Men also experience barriers – workplace structures that are still aligned with success criteria of the 1960’s – where success is determined by the number of hours spent in the office. Workplace culture still exists wherein it is still frowned upon that men might want to work part-time or take their children to the doctors when they are sick.
Anyone in leadership must hold a progressive diversity and inclusion agenda as part of their core responsibilities. It is our duty to everyone to bring workplaces and cultures into a world fit for how we live our lives today. We need to advocate for flexibility, co-parenting, focus on delivery and a collaborative and inclusive culture.
What makes a good leader?
A good leader is someone who can create a vision within their sphere of influence that inspires. That inspiration and buy-in must then be backed up by bounds of energy to drive execution and make change happen. A good leader also has solid foundations in their purpose and the values they live by, day-in and day-out. Finally, I believe it is critical to have empathy and compassion but also stand-up and make hard decisions and own them when required.
How do you balance work and life responsibilities?
I definitely don’t claim to do this very well at all! I think it would be irresponsible to give the impression that anything is ‘in balance’ in my life between working and parenting; and I am sure most people would agree if they were honest. There is no such thing as ‘having it all’. One thing that helps me is to consciously practice being present: when I am with my children for the short period of time that I spend with them a day, I try to set aside work until after their bedtime.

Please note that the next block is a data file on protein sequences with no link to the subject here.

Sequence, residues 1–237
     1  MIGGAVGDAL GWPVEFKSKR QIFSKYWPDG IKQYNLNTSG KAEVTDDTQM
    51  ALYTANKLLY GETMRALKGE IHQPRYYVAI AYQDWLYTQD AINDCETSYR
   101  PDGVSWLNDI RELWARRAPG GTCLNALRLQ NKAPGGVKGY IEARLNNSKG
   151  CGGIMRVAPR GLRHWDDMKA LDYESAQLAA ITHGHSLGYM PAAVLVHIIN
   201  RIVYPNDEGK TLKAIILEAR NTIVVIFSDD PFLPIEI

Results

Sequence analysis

What has been the highlight of your career?
Definitely becoming the first female in Serco Middle East to ever hold the executive responsibility for leading a sector. I hope it is just one of the many things I will achieve that helps pave the way for a more gender diverse and inclusive workforce. It is important to fight for, and be, the change you want to see.
Who inspires you and why?
So many people! We have so many fantastic people in our organisation and beyond. I am inspired by so many, from the culture and innovation created by CEO of Netflix Reed Hastings, to the Vice President of the United States Kamala Harris and all she has achieved in her life and career.
There are also so many fantastic women that I work with including our Head of Strategy & Client Engagement Nathalie Hattatowa, who brings relentless energy and leadership to our team. She really lives the Serco values every day and her ability to successfully turn her hand to anything is truly inspiring.
Dubai Airports Guest Services General Manager Kayleigh Houghton is another inspiration. She has an infectious leadership style that brings together large teams of people to achieve what we sometimes think is impossible. Her collaboration and drive to succeed is outstanding.
I feel truly lucky to be surrounded by so many inspiring people!
What advice would you give to the next generation of female leaders in Serco?
Work hard, network hard, never compromise your values and always stand up for what you believe in. No one ever grew in their comfort zone, so if you feel uncomfortable – good! It means you’re learning. Spend your privilege and help those around you achieve the impossible. Be confident and go and change the world!